A Father’s Day Poem

The Gardener
for my father

I have loved roses
since the earliest days,
when they spilled
like flames over our garden
walls, and you’d bring
them, fresh cut,
into the house,
where they’d dwell like
living embers singly
or together
and fill our mornings
with the perfume
of their song.

I have loved them
as you tended
the slowly growing
vine that twined
itself around the spirals
of our Jordanian
windows — an act
of faith, coaxing flowers
from the desert,
their color proclaiming
God’s faithfulness
as surely as any
burning bush
or shrub.

And I love them still,
seven thousand miles
from where you
spend your evenings
watering jasmine and
daisies, your garden a riot
of color and song,
as I tend my own
small miracle of green —
not quite eight inches
high, she grows
without knowledge
of her diminutive
size (as I gently check
each leaf for mites),
a single, unfurling
bud waving at the sky.

–Karith Amel © 2019

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When Death Comes: The Legacy of Mary Oliver

Mary Oliver died today. The poet was 83 years old, and while she lived she reminded us of the miracle inherent in the everyday details of our world: the white heron taking to the sky, sleepy cats dozing in the sun, a grasshopper perched on an open palm.  She taught me to see the links between poetry and prayer, between attention, gratitude, and worship. She instructed my heart “over and over / in joy / and acclamation” — in “the prayers that are made / out of grass.”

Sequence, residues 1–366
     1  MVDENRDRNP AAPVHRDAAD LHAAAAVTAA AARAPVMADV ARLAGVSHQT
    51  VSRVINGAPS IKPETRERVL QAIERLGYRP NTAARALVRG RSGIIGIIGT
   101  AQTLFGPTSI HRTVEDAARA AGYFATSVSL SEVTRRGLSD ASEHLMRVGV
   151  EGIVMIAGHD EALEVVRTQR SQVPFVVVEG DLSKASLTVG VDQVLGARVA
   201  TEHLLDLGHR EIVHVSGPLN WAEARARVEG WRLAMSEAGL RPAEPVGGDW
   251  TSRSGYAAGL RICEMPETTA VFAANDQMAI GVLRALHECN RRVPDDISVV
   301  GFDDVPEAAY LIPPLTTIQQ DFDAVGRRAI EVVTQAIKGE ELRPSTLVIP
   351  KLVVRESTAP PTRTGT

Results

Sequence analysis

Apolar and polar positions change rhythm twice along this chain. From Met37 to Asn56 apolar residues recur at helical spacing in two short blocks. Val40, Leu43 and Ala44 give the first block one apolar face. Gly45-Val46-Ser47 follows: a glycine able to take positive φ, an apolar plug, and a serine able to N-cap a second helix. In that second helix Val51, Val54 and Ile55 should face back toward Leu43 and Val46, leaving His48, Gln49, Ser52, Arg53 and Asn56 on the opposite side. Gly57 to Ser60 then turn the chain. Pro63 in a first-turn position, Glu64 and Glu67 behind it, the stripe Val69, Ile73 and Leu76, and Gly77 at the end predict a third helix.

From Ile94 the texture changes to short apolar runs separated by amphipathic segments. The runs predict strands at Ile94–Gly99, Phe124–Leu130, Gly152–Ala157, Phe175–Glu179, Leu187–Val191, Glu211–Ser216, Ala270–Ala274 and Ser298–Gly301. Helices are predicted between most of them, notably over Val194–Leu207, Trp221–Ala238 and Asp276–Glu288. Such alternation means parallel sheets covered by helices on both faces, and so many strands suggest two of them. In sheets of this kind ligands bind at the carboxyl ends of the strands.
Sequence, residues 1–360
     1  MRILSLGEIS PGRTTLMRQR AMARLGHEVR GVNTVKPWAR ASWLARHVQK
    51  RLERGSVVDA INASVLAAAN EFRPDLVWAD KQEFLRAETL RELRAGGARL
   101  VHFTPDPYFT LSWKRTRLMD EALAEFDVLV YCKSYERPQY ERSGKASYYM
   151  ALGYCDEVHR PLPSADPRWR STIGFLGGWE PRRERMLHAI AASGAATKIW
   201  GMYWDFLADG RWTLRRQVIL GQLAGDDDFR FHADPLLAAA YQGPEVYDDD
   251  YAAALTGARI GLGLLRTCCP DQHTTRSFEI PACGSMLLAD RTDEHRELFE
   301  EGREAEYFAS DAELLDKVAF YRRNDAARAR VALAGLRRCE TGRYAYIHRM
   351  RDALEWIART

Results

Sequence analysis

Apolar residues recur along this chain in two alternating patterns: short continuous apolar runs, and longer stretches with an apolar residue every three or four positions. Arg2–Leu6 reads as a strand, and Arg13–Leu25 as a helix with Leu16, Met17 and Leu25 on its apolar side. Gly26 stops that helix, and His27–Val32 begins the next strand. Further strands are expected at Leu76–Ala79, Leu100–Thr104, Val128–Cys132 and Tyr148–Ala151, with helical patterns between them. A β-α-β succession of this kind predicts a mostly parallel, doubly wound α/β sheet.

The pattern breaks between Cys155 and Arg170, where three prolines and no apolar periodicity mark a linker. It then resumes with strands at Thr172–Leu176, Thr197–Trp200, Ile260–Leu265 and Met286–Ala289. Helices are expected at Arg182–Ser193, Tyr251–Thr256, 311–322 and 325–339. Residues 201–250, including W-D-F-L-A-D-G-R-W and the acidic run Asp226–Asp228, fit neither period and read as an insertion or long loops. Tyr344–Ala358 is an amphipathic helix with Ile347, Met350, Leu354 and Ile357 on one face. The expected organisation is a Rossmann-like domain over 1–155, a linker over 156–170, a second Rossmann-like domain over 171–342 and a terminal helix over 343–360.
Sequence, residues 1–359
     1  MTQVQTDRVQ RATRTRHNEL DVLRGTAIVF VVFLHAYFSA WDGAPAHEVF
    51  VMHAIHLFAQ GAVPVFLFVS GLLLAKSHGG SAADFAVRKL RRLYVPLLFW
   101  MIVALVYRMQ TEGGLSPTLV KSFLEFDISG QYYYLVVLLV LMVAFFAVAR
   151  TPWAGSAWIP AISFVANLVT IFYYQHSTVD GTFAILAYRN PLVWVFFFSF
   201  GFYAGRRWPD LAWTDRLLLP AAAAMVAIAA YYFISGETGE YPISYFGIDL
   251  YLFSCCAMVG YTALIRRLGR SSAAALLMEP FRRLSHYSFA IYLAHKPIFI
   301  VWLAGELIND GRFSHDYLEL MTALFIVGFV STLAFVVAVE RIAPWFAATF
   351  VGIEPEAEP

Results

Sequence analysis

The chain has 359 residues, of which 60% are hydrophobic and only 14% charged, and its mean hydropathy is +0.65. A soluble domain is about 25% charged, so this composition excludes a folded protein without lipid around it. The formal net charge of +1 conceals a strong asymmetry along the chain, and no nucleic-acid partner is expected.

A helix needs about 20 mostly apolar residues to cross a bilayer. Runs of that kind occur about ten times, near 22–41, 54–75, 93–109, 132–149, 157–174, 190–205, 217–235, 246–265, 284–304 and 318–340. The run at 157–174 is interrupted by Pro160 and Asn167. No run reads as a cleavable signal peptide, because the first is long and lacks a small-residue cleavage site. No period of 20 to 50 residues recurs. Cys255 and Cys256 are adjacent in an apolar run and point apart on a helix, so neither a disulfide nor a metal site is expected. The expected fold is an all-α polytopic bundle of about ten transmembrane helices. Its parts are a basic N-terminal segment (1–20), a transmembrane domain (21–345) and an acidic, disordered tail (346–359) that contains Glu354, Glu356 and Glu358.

She was a soul fully awake to life, and she welcomed her readers into that wakefulness — into a fearless embrace of the present moment. She was, indeed, “a bride married to amazement.” And I hope that I, too, can declare, when the end comes, that I wasn’t just a visitor to this place.

When Death Comes
by Mary Oliver

When death comes
like the hungry bear in autumn;
when death comes and takes all the bright coins from his purse

to buy me, and snaps the purse shut;
when death comes
like the measle-pox

when death comes
like an iceberg between the shoulder blades,

I want to step through the door full of curiosity, wondering:
what is it going to be like, that cottage of darkness?

And therefore I look upon everything
as a brotherhood and a sisterhood,
and I look upon time as no more than an idea,
and I consider eternity as another possibility,

and I think of each life as a flower, as common
as a field daisy, and as singular,

and each name a comfortable music in the mouth,
tending, as all music does, toward silence,

and each body a lion of courage, and something
precious to the earth.

When it’s over, I want to say all my life
I was a bride married to amazement.
I was the bridegroom, taking the world into my arms.

When it’s over, I don’t want to wonder
if I have made of my life something particular, and real.

I don’t want to find myself sighing and frightened,
or full of argument.

I don’t want to end up simply having visited this world.